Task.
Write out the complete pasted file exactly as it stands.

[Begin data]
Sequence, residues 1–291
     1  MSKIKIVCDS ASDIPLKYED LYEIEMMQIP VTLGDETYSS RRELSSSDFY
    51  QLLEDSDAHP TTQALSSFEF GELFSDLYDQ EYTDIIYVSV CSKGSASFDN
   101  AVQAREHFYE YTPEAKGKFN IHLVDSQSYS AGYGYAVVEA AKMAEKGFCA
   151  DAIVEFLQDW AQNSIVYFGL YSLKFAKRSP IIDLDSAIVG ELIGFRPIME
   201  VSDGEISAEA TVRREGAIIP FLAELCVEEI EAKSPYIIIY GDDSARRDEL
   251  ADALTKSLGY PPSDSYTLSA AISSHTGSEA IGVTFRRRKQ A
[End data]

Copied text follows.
Sequence, residues 1–291
     1  MSKIKIVCDS ASDIPLKYED LYEIEMMQIP VTLGDETYSS RRELSSSDFY
    51  QLLEDSDAHP TTQALSSFEF GELFSDLYDQ EYTDIIYVSV CSKGSASFDN
   101  AVQAREHFYE YTPEAKGKFN IHLVDSQSYS AGYGYAVVEA AKMAEKGFCA
   151  DAIVEFLQDW AQNSIVYFGL YSLKFAKRSP IIDLDSAIVG ELIGFRPIME
   201  VSDGEISAEA TVRREGAIIP FLAELCVEEI EAKSPYIIIY GDDSARRDEL
   251  ADALTKSLGY PPSDSYTLSA AISSHTGSEA IGVTFRRRKQ A